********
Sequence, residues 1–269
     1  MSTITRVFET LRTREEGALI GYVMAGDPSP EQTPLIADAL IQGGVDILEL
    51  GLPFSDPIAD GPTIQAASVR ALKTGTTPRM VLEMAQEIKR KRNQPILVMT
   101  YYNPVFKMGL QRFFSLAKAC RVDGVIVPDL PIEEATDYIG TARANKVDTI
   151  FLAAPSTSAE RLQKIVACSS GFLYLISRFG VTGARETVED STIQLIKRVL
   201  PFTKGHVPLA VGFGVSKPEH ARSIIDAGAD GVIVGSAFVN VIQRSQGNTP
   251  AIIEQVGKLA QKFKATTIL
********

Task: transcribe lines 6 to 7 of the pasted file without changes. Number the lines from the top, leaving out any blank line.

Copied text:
   201  PFTKGHVPLA VGFGVSKPEH ARSIIDAGAD GVIVGSAFVN VIQRSQGNTP
   251  AIIEQVGKLA QKFKATTIL